Yesterday evening, a group of like-minded, eco-conscious students, faculty, and administrators gathered in McShain Lounge for the first-ever “Visions for a Sustainable Georgetown” event, a brainstorming workshop aimed at generating ideas to help Georgetown create “a concrete, measurable sustainability strategy.”
Father Kevin O’Brien, S.J., of Campus Ministry opened the event, speaking about sustainability as part of the Jesuit tradition of being “men and women for others” as well as for the natural world. Audrey Stewart, Georgetown’s Sustainability Coordinator, then outlined the goals of the workshop and gave the green-light for the workshop to begin.
The audience then divided itself among various subgroups, each concentrating on different topics such as food sourcing, transportation, and renewable energies. Student facilitators led the discussion and documented the ideas generated by the combined brainpower of the diverse group.
EcoAction President Claire Austin (SFS ’12) and GUSA Secretary of Sustainability Jessie Robbins (SFS ’12) conceived the idea of the workshop last spring. They then contacted Stewart, so that they could involve faculty and administrators to better present a cooperative and comprehensive vision for the University’s sustainable future.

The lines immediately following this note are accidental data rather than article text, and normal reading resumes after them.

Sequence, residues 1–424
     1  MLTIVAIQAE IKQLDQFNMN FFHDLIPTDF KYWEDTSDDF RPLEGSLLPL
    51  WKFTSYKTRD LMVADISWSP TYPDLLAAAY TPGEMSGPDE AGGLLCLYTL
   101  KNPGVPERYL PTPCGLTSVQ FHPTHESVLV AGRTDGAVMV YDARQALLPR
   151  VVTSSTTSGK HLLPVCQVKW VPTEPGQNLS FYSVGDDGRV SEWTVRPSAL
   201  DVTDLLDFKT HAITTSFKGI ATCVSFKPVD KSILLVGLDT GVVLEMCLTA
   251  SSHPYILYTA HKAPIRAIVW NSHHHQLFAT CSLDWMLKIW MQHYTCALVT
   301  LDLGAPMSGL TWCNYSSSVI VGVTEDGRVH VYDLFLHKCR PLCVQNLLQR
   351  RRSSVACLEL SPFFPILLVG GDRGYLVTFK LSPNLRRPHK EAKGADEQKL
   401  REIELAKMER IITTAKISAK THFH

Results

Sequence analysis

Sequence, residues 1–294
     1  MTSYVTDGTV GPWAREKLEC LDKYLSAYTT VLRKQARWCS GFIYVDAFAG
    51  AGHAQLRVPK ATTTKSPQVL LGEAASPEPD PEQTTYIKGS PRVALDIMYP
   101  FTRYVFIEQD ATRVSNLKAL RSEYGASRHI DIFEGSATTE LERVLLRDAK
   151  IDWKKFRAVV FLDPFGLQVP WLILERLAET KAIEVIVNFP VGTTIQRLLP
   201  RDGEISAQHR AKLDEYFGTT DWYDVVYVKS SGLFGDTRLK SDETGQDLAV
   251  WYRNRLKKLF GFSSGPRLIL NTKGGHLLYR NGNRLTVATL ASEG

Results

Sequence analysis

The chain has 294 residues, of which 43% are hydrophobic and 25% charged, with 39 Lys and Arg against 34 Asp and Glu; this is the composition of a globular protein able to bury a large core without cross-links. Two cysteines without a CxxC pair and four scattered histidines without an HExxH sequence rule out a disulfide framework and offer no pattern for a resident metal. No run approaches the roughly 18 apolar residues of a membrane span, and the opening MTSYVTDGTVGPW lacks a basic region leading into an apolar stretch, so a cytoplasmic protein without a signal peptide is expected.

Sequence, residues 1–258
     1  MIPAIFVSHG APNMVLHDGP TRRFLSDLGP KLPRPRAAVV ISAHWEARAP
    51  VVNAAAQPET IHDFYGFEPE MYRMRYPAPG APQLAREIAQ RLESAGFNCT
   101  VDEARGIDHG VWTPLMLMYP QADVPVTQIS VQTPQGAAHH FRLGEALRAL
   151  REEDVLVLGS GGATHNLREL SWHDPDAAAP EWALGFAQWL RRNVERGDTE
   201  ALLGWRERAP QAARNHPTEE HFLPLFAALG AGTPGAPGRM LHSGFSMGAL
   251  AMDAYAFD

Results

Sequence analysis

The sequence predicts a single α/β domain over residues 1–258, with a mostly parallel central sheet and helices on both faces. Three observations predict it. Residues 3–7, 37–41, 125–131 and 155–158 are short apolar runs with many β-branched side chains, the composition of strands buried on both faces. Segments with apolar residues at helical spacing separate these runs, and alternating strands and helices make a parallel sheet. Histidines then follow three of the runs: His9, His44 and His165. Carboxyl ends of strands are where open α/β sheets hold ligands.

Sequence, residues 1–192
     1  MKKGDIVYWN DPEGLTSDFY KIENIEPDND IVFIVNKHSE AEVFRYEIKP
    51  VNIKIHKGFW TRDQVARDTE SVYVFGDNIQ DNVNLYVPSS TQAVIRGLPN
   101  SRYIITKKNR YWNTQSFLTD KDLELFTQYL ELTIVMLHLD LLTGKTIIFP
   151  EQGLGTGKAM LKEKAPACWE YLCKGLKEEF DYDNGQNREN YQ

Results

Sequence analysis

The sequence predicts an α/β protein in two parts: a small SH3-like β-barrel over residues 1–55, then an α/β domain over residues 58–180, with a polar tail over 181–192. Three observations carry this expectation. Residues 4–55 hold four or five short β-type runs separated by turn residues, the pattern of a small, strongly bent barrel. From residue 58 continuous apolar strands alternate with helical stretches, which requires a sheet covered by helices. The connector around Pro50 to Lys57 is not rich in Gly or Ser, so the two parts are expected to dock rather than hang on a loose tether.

As an entirely open, constructive forum, Stewart emphasized that no idea was too expensive or unfeasible to bring up, and in effect attendees shared thoughts ranging from the pragmatic to the ideal.
The “Environmental Education” group, for example, discussed the creation of rooftop gardens, and the “Energy Efficiency” group contemplated the implementation of motion sensors in campus buildings. The “Student Outreach” group developed an interesting idea about creating a position of student “Sustainability Consultant” to advise student groups and coordinators of on-campus events on how to make activities more sustainable.
Although this was only a single event, an overarching theme of the workshop was that the generation of sustainability ideas is a crucial, ongoing process.
“The conversation doesn’t end here,” Robbins said.
Photo by Tim Markatos.